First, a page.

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One Shot, One Kill, No Skill: Why a Regular Gamer Started Paying to Cheat at Video Games

We may earn a commission from links on this page.

The tale of how one man from Canada became the kind of person who pays a monthly fee to cheat at video games is like many stories about good people who slide toward the more nefarious extremes of life.

There was hurt. There was frustration. And then there was the temptation to step inside from the unabating drizzle of life, to take shelter and experience some glee. The glee, of course, would cost him. It would cost him money and friends , though maybe it was worth it.


The man from Canada goes by the online name Johnb32xq. In the eyes of some he is what's wrong with online multiplayer gaming. Some might brand him a scourge—maybe even a bad person—but that's the common reaction to situations like these, when good people cross lines that other good people don't.

The man from Canada doesn't seem like such a bad person. He just pays to cheat at video games.


John lives on a 200-acre farm somewhere in Canada. He has a day-job and loves to play video games. He bought Battlefield 3 at launch last fall and played it on the PC. Then some things happened and, soon enough, John became the kind of gamer who has an arsenal of cheats at his disposal. Each was a hack that he paid for. One lets him saunter into a multiplayer match in Battlefield 3 and automatically kill the next person he sees. If he's feeling particularly destructive, John flicks on a hack called "Mass Murder" and strolls through a Battlefield battlefield while every opposing player just drops dead. One button press and the text notices indicating the death of each opposing player scrolls in like the next line of movie credits. These hacks John uses require no skill other than the discretion not to be caught by the people who make Battlefield. His opponents stand no chance.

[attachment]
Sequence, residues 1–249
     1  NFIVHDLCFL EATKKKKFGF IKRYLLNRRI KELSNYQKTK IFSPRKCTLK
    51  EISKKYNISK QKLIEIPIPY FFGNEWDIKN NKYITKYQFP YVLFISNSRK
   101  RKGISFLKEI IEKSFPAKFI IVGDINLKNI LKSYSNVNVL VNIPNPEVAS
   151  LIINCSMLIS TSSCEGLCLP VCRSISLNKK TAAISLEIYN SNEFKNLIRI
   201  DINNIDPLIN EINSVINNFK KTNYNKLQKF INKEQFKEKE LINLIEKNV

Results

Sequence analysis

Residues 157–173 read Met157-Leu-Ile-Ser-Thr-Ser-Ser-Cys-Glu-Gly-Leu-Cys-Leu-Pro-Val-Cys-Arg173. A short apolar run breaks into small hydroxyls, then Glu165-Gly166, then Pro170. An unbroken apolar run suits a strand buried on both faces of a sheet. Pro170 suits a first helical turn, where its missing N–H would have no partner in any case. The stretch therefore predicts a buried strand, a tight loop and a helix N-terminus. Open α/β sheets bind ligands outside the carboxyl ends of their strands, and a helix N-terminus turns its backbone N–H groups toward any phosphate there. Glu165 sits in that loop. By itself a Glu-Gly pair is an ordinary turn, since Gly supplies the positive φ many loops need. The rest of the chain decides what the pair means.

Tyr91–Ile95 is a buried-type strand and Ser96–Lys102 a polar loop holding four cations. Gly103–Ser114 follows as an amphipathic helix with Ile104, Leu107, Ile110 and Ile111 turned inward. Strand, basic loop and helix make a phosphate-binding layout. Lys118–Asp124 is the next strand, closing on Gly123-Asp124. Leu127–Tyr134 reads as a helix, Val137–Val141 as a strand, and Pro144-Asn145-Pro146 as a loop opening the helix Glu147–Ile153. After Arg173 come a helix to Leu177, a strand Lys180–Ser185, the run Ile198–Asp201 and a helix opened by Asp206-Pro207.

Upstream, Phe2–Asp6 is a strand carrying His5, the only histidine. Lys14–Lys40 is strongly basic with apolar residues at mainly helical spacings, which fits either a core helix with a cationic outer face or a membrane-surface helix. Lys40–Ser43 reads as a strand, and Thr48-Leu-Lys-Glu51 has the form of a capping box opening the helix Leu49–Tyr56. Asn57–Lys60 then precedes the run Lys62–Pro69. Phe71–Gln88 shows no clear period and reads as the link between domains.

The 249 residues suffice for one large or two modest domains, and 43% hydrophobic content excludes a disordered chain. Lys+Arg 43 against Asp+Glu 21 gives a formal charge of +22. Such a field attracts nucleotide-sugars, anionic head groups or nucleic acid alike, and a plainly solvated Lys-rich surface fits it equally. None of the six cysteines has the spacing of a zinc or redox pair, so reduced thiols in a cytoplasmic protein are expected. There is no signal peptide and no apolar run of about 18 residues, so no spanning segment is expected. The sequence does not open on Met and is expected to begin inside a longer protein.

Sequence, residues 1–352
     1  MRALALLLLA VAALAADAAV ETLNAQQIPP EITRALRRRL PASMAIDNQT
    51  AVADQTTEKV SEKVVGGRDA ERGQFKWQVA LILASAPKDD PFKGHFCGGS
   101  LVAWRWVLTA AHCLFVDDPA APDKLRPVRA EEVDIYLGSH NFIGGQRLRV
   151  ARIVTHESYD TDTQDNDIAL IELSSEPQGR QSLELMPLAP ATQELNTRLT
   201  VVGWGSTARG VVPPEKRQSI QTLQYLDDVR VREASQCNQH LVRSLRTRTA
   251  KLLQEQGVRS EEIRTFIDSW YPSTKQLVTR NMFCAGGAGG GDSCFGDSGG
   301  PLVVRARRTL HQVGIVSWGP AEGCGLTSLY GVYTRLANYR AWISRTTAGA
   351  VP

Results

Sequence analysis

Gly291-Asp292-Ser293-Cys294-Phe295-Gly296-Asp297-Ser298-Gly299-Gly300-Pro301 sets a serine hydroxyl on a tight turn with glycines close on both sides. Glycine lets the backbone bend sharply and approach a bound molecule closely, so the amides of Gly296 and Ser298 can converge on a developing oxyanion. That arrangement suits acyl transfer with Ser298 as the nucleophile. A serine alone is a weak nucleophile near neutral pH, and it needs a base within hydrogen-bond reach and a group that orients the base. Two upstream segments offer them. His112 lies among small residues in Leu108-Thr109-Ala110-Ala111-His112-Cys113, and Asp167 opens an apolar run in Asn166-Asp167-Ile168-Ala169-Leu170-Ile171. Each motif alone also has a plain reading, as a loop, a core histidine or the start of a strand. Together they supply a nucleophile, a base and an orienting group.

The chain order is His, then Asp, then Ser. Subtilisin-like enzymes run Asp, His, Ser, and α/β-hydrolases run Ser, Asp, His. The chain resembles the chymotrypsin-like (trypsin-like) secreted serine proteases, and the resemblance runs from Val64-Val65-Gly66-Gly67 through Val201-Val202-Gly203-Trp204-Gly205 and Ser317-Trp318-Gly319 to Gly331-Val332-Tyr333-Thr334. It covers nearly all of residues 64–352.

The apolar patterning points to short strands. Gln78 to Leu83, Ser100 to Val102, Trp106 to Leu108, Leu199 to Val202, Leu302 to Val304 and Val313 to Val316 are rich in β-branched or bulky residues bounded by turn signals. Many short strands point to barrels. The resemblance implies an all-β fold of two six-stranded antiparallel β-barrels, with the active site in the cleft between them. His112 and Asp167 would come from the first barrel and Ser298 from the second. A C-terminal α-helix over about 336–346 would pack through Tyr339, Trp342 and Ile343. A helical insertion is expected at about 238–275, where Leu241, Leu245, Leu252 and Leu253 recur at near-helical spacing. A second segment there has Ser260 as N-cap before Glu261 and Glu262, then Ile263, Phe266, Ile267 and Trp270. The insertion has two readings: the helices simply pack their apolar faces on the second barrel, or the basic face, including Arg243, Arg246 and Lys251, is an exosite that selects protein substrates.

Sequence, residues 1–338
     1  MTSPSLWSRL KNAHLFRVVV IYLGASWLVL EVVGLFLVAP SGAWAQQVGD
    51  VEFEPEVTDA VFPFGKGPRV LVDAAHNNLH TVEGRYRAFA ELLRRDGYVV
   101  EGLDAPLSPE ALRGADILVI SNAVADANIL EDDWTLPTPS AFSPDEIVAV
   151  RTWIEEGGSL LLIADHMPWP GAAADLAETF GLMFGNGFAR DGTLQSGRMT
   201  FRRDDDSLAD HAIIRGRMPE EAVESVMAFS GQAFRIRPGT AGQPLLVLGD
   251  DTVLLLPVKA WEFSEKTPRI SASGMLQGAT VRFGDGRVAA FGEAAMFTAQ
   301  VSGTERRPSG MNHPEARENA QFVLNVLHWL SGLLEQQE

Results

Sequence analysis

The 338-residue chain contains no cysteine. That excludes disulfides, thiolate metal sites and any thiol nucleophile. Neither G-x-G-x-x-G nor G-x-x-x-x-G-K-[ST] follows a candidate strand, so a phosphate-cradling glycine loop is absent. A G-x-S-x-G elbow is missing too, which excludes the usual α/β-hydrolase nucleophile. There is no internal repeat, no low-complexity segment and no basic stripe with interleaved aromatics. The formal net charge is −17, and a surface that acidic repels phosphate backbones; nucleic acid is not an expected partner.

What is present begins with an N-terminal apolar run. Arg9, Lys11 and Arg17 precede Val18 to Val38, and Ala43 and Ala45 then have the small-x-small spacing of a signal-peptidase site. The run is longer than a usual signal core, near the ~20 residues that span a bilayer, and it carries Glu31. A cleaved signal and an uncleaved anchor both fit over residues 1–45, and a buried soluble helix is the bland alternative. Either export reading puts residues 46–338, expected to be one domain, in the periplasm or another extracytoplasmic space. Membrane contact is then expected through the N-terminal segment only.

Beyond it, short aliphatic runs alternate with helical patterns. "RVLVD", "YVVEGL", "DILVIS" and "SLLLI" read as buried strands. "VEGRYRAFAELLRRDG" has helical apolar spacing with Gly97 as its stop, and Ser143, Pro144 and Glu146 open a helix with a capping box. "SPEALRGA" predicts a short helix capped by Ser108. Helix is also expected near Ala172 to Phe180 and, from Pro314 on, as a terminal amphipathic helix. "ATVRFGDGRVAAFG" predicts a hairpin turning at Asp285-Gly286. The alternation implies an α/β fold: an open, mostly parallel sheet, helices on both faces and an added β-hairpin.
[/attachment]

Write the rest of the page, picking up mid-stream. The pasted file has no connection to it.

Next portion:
Paid cheaters like John are the steroid-users of video games, with two caveats.

"Technically hacking does ruin games," John recently told me. "I do feel bad for doing it, ‘cause I know regular legit gamers—which I once was—just want to have fun and play the game with their friends. I basically go into servers and hack, because it's like releasing anger with my job. I fix Blackberrys for Rogers Wireless, and I get bitched at and get stressed out, because people are upset."

Cheating is John's anger outlet, one he's willing to pay up to $25 a month to keep using. His situation is the reverse of most video game scare stories. Video games have not compelled him to misbehave in the real world. A shooter video game didn't turn him into a hellion in real life. On the contrary, the real world, he says, is what has caused him to be a cheating terror in the video games he plays.

Paying cheaters like John are the steroid-users of video games, with two caveats: 1) nothing they do appears to be illegal; 2) nothing they do appears to require the skill that, say, still must be present to enable even the most chemically-enhanced baseball player to swat a 95-mph fastball over an outfield wall.


Paying cheaters certainly violate what some would say is the spirit of the game. They certainly spoil what other players might have thought was a fair competition contested among players of Battlefield or Call of Duty or any other competitive PC game.

A hacker uses cheats in Battlefield 3 in this clip that was uploaded to YouTube a few weeks before BF3 was officially released.